I thought it was a funny coincidence. When they didn’t react to me waving, I figured they just didn’t notice. I had to pull into a right turn lane, and they zoomed past us. I started to lean out and yell as they went by, when I saw the license plate. It was a Nevada plate. Jared’s car has Washington State plates, and they’re custom plates, at that…
But the two guys (who were, admittedly, both wearing sunglasses) in the car looked so much like Jared and Sky, I was still not completely certain it wasn’t them. Until I talked to them later and confirmed that the route they had taken had not been on the road where I’d seen these guys.
In the years since, about two or three times a year, I see that same Mini Cooper with the Nevada plates being driven by a guy who looks so much like Jared, that when I see him in the rearview mirror, or in the next lane, et cetera, the facial recognition circuits in my brain sound the alert: “Friend! Over there! Look!”
It’s compounded by the fact that another friend (and former co-worker), also owns an identically colored Mini Cooper. So whenever I see the car out of my peripheral vision, I turn and look even before I see the driver who looks a lot like Jared.
I only see this doppelgänger in the vicinity of my home neighborhood in Seattle, so I assume he lives somewhat nearby. This many years of driving a car around here with out-of-state plates, I deduce that he lives only part-time in our state. Since there are a couple of universities nearby, I have speculated that he was a college student. Though it’s been enough years, now, that I’m beginning to question that explanation.
I’ve never, that I know of, seen him outside the car—usually I’m also in my own car. He’s often wearing sunglasses when I see him, which obscures part of his face. And often I only see him in my rearview mirror, sometimes never any closer than several car lengths behind me. So he may not look nearly as much like Jared as I think.
Many years ago, when I worked in a different office building downtown, I was standing at a corner waiting for the crossing light to change one morning when someone hit me in the behind with a briefcase. It wasn’t an inadvertent tap. It was clearly an intentional hit. Accompanied by a cheerful, “Hey!” in a voice I didn’t recognize. I turned, startled, to see a guy in a suit and tie with a big grin on his face. The grin transformed swiftly into a shocked and embarrassed frown, and the guy said, “Oh! Sorry! I thought you were someone else. Sorry!”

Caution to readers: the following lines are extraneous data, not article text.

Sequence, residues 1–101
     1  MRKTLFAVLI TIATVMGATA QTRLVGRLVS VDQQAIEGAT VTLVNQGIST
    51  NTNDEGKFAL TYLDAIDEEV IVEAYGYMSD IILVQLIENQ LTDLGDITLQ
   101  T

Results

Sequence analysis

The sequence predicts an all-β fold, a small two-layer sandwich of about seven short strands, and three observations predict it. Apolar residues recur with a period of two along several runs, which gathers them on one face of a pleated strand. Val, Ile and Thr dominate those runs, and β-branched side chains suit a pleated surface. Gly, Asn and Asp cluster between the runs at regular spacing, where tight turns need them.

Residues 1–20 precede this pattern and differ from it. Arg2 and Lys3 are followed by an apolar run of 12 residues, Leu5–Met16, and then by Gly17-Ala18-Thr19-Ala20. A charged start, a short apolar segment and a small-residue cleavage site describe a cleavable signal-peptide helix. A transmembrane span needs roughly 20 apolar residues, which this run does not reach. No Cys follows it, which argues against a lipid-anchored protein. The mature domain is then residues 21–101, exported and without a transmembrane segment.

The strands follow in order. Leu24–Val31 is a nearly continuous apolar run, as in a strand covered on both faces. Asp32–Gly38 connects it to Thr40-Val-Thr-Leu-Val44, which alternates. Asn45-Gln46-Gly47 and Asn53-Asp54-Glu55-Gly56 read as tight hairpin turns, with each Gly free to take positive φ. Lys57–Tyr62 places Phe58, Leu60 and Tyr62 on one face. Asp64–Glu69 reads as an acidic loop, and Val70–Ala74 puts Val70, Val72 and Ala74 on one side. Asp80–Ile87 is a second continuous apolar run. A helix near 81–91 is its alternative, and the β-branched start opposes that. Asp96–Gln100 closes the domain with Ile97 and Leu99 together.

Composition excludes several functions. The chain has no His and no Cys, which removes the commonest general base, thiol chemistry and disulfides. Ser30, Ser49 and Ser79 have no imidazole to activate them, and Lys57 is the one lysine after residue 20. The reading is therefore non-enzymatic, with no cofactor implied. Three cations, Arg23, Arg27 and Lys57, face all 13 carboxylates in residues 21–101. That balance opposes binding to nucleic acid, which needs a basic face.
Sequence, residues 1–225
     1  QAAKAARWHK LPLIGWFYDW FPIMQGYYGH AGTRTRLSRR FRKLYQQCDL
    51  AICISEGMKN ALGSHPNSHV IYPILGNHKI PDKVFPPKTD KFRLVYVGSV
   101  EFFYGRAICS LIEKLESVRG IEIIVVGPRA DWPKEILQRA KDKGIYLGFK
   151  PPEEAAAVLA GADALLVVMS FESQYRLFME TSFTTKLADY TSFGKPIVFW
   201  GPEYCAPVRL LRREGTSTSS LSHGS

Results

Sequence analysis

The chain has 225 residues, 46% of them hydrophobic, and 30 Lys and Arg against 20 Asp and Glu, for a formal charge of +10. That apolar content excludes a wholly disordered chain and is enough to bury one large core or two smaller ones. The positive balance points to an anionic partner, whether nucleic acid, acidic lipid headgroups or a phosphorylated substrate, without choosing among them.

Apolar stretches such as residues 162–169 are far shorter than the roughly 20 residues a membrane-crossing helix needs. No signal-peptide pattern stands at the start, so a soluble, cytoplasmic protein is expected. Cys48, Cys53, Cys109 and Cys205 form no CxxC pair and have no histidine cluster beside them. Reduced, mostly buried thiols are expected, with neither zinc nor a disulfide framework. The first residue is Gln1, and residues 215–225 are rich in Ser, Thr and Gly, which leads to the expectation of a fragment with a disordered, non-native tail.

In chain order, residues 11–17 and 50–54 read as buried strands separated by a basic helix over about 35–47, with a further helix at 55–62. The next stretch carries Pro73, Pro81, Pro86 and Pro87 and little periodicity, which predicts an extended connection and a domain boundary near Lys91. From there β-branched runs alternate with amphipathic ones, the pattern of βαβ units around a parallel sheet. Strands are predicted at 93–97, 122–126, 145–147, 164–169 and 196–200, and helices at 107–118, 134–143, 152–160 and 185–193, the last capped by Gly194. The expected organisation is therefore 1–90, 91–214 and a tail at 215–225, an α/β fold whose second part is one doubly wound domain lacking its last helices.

I probably had a much angrier expression on my face than I realized when I first turned around. I said, ‘No problem. You surprised me.”
The guy repeated, “Sorry,” several times until the light changed to cross. He didn’t cross with me, though I think he was headed that way.
While I didn’t recognize him, during the several years that my office was in that neighborhood, I would frequently be greeted by people I didn’t know at all. I tried to just smile and be friendly back. Almost every time that we were close enough that they could hear my reply, “Hello,” the person immediately got a surprised look on their face.
Clearly, I had a doppelgänger of my own who worked in that neighborhood. We looked enough alike to fool people on a cursory visual inspection, but I assume had very different voices.
I was reminded of all of this because when we were at the conventions last weekend, once when I was out walking with Jared, someone who drove past us honked her horn, looked right at Jared, and waved enthusiastically. He said he recognized neither the driver nor the car. Apparently a couple of days later, when he was back home, a similar incident happened.
And then a couple nights ago, as I was walking the last few blocks to our house after work, the familiarly-colored Mini Cooper went past me, driven by the Jared doppelgänger I have seen many times before.
Wouldn’t it be cool if this doppelgänger was the person that one of those folks who waved at Jared earlier this week thought they were greeting?